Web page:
There are private proposals afoot to build a small modular refinery in Linden, the country’s second largest town; this would provide cheaper fuel to the Guyanese people, who currently have to import their fuel at high cost. The plans include using some of Guyana’s own oil (up to 30,000 barrels per day) to alleviate high fuel costs in the short-to-medium term, reinvesting profits in a nationwide renewable energy grid. Cheaper energy would fuel economic growth and manufacturing industries.
“The priorities should be diversifying the economy from an early stage, and long-term sustainable planning”
Avoiding the risks
One threat that Guyana faces is the potential for tension between petroleum companies and local communities as more highly paid foreign workers come in. Such an influx could cause economic, social and cultural stress, as market prices rise to match this new income group and outpace the earnings of the local population.
Another risk is the temptation for Guyana to place all its development interests into its petroleum reserves while neglecting other industries and development sectors. The ability to plan and manage revenues effectively is limited, and an adverse tilt in market conditions can be devastating for a small country that has focused on oil alone.
Guyana has vast agricultural lands, bauxite, gold and diamond reserves, renewable energy opportunities and a low-cost but intelligent labour resource. It also provides an Atlantic gateway to northern Brazil, which has a much larger population, providing a shorter route to the Atlantic than through the Amazon. Furthermore, 85% of Guyana is untouched Amazon rainforest, providing a huge biodiversity and ecotourism resource. It would be a tragedy if this hydrocarbon windfall was not used to develop these other resources equitably and sustainably.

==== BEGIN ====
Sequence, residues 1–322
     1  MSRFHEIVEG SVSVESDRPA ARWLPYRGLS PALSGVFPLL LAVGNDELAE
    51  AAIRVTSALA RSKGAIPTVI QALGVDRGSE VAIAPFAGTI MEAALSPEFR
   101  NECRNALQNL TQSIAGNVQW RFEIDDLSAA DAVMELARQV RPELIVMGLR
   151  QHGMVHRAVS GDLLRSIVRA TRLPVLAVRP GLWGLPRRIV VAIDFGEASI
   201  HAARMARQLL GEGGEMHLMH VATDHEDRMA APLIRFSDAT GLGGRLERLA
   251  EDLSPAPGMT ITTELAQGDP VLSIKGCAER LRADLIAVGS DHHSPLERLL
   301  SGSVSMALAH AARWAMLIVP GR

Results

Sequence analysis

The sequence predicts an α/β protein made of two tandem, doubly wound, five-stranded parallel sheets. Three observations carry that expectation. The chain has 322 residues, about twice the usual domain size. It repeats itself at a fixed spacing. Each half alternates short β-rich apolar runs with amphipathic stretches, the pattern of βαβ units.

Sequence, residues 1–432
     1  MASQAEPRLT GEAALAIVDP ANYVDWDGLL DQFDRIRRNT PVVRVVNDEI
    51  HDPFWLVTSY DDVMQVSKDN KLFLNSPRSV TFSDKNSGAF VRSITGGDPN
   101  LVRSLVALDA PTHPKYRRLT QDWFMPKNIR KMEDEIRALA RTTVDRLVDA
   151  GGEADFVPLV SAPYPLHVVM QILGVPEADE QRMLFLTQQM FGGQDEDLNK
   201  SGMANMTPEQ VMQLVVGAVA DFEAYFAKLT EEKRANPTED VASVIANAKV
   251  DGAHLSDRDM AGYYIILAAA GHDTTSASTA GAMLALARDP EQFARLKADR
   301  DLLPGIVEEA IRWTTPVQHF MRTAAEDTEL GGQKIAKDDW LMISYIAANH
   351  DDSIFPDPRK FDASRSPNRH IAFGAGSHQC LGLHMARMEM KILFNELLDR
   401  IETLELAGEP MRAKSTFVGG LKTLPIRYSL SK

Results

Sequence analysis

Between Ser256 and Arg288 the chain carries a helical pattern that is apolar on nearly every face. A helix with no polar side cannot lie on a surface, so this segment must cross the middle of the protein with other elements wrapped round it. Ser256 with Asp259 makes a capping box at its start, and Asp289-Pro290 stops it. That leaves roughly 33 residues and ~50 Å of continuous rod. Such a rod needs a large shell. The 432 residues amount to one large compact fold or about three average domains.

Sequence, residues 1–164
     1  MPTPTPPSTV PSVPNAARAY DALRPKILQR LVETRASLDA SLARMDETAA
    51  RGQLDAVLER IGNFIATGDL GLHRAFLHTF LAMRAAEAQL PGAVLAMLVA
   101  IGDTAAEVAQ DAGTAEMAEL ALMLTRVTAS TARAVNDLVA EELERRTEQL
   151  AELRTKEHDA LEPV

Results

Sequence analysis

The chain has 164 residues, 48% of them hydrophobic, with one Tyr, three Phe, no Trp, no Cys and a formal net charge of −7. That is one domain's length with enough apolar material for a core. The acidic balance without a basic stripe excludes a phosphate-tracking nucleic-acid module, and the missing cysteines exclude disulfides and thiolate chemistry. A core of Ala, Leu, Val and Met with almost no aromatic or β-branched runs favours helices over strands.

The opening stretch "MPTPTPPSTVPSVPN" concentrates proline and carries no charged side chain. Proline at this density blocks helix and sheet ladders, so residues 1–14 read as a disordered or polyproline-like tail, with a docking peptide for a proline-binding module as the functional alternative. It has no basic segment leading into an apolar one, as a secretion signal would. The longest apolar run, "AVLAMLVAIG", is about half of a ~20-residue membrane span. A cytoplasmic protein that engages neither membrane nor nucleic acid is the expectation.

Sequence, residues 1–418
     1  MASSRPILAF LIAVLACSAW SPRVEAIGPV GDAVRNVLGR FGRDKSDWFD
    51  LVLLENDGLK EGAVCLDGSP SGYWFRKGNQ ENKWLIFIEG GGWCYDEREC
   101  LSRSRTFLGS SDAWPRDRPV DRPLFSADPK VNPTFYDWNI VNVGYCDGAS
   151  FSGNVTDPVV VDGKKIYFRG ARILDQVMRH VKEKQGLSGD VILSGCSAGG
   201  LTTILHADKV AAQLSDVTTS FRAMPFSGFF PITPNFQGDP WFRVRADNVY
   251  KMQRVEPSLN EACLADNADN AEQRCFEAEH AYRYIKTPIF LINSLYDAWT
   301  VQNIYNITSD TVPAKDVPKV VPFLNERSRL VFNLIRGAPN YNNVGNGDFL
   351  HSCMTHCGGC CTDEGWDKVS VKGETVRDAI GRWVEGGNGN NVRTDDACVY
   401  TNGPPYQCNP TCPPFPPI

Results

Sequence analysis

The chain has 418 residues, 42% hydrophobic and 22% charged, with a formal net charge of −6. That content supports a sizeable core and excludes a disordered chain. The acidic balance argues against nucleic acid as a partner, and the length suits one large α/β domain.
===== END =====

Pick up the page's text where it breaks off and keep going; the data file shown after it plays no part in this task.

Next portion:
The combination of specialisation in the natural resource sector and neglect of other industrial sectors can cause long-term erosion in a country’s economic development. In the short term, the injection of foreign currency into the economy will spark growth and development – but in the long term, all the developments that would have been funded and maintained by the natural resource revenue, such as healthcare, education and infrastructure, will not be fully sustained unless other, sustainable industries are encouraged to grow alongside oil and gas.
The resource curse is not inevitable. Several countries have avoided it through economic diversification, investing in other sectors and having an equitable distribution of income. Such measures require a strong, mature political system and a socially inclusive culture.
Guyana is going to be an interesting place to work in over the coming years, with the environmental stakes being high. The government should welcome the petroleum industry, but remain aware that the risks are myriad. The pitfalls are avoidable if the will is there and if the government seeks strong advisory partners.
The priorities should be diversifying the economy from an early stage, and long-term sustainable planning. This will allow Guyana to meet the needs of its people, develop as a nation and ensure the production of this finite resource becomes a blessing rather than a curse.
Steve Rowan is managing director
Leeza Pickering is a consultant at Earth & Marine Environmental Consultants